The 70-year-old modernist artist has a career in art spanning over five decades. He has been awarded the Padmashree Award. Having combined painting explorations with theatre acting and set designing, Parekh studied art at the J J School of Art and has lived in Calcutta and New Delhi. The show, titled, The Pursuit of Intensity, curated by Ranjit Hoskote
showcases 18 paintings from 2004 to 2009.
What inspired these two series — Chant and Flowers from Heaven?
I have been visiting Benaras for the last 25 years. While living there, I realised that for a common man, faith is important to combat fear. I got interested in the graffiti around the religious places and travelled to many more like Vatican City, Hagia Sophia and Jeruselem. The kind of abstraction, graffiti and the colours were all in my mind.
From different subjects to a variety of mediums, as an artist, how important is it to you to bring in change in your work?
Medium is very important to me to excite myself and explore more. My mind may remain stuck to something but changing the language is very important for me.
What is the energy that transforms into your paintings?
My surroundings give me the energy. My curiosity to know things and communicate with people. Also, I am interested in Thangka and Nathadwara paintings. The meditative aspect and the aspect of repetitiveness is a positive factor for my painting. It takes months and years.
What are you currently working on?
I’m working more on these two series. I do a particular thing till I feel I’ve mastered the technique and then I prefer to explore more. Otherwise I fear that my work will become repetitive. Also, when one takes up a new medium or language, the uncertainty is important for any creative person. I have some ideas for sculptures, which I want to work on in the near future.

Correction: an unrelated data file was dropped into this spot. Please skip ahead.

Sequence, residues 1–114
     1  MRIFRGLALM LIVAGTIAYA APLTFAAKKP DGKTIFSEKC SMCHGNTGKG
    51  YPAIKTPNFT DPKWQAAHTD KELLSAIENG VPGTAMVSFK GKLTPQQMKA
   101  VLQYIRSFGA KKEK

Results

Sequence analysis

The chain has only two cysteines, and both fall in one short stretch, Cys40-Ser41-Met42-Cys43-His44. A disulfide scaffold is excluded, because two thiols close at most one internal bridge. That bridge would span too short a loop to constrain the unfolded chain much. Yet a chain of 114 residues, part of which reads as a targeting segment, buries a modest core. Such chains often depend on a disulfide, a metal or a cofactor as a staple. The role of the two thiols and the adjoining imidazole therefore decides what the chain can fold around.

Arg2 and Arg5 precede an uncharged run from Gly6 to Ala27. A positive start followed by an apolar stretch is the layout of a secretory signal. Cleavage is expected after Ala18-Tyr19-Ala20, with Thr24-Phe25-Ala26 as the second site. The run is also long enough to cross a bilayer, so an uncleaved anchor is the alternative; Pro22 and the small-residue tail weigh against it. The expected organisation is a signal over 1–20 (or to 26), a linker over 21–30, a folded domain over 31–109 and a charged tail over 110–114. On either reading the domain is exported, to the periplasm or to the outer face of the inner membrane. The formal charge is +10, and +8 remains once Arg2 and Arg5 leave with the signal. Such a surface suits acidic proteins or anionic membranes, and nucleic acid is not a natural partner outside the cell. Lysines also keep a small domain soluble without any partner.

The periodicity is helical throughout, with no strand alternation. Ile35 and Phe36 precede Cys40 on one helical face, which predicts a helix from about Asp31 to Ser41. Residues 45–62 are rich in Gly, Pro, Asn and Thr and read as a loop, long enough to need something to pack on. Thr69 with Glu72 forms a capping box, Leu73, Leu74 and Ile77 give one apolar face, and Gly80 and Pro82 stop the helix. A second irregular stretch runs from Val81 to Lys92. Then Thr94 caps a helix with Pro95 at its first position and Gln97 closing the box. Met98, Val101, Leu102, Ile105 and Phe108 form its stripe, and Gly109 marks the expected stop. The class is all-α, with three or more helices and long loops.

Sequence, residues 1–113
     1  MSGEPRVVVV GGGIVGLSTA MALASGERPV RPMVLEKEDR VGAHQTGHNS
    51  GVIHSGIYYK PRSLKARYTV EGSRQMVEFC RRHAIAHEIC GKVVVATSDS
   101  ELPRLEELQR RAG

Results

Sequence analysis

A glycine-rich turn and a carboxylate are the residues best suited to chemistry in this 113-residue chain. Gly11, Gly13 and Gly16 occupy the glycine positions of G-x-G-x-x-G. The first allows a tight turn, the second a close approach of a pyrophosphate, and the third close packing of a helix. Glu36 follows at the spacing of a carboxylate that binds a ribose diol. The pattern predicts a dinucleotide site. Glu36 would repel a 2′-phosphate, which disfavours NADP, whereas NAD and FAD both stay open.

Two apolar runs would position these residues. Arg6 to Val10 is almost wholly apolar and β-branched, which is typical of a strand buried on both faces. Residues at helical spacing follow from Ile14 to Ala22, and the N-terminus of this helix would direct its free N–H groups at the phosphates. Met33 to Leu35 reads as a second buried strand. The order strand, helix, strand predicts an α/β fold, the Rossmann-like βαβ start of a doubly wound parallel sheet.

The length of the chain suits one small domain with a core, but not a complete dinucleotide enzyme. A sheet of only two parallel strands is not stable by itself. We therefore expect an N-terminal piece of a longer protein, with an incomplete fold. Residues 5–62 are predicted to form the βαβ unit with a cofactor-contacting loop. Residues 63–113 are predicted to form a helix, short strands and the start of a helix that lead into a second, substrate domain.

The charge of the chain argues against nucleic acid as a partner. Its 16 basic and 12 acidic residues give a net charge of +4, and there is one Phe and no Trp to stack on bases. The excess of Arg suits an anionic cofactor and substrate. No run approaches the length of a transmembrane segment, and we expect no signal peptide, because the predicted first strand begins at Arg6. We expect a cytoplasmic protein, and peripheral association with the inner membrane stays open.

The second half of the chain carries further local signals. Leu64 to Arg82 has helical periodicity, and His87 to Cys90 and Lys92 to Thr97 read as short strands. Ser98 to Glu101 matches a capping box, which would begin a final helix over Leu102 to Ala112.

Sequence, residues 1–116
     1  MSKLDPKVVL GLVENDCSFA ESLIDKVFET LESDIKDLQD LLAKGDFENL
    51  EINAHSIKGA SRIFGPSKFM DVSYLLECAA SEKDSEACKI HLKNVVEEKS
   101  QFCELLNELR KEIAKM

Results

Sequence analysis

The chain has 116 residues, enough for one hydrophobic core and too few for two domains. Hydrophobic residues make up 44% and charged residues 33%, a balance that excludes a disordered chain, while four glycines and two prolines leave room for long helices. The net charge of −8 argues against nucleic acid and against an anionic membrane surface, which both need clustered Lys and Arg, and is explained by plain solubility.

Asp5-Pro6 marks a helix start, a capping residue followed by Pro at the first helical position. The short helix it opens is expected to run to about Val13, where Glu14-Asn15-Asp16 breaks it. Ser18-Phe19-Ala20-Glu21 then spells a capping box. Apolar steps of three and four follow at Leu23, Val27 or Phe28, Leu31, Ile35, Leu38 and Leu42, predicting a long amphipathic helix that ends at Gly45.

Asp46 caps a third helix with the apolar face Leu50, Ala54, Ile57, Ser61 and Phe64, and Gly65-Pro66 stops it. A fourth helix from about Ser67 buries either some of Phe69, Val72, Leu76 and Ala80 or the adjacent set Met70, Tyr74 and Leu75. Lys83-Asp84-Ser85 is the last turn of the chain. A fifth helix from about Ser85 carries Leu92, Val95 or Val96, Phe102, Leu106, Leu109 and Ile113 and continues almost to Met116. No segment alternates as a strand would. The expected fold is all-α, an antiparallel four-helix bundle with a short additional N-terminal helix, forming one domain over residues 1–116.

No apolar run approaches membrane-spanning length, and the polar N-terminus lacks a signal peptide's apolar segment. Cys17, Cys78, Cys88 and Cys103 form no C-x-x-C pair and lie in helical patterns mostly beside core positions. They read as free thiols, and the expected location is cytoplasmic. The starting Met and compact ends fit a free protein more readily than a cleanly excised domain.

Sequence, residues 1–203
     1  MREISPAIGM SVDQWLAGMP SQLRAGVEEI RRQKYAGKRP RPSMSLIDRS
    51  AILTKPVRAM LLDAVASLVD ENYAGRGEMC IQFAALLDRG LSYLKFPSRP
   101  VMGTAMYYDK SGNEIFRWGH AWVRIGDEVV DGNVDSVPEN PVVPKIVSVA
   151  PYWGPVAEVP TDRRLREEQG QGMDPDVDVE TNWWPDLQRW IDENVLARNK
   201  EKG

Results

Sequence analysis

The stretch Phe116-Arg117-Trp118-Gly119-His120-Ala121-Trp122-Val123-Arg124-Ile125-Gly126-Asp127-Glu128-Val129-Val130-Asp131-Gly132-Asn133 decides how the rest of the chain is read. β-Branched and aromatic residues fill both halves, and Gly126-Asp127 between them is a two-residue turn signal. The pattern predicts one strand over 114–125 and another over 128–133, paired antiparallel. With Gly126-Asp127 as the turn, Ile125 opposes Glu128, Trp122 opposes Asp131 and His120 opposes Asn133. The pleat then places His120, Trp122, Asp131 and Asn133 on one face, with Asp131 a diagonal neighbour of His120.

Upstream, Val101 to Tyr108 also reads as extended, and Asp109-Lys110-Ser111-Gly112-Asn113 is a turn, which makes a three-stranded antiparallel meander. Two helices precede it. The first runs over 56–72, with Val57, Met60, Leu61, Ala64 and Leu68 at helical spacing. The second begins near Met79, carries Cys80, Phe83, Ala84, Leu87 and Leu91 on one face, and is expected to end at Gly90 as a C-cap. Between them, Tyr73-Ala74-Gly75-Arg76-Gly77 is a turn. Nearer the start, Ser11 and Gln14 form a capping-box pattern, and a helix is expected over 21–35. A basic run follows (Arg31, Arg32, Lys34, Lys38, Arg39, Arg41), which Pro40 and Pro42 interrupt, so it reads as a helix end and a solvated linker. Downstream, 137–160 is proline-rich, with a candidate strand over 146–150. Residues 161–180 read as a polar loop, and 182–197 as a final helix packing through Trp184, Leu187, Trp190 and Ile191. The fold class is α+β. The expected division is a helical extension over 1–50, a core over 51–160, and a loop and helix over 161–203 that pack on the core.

Curator Ranjit Hoskote shares his thoughts
Could you elaborate on the title, The Pursuit of Intensity?
The reason I have titled this exhibition, The Pursuit of Intensity, is because I believe that the quest for more is deeply felt and transformative. This has been central to Manu’s artistic progression from the beginning of his career in 1962. Over the years, that flow of energy, which is alternatively, expressive and anarchic, controlled and regular, has come to be his main and consistent theme — as I read his work.
In his work over the last five years, Manu has been working with the repetition of the chant as a pictorial device, while refining the hybrids of flower, organ and object that he has painted before, setting them in quite novel relationships of detail to scale.
How would you relate Parekh’s current body of work with his earlier work?
These 18 splendidly scaled and remarkably detailed paintings mark an unprecedented formal departure from much of Parekh’s earlier work. Their concerns and techniques encode the learning, experimentation and dialogues of a lifetime, but the images themselves are charged with a vigorous desire for transformation and renewal.
These works resonate forcefully, in my view, with the Sanskrit term spandana: the throbbing of the universe, the seed-burst that marks the birth of matter and time, which Parekh celebrates here as the birth of colour and event.
How would you place Manu Parekh’s work in the Indian art scene?
As I interpret his career, Manu has always had two major commitments — the first, to empathise with the predicament of human beings in all their anguish and vulnerability; and second, to engage with the sacred in all its complexity, as totally distinct from organised religion and politicised religiosity.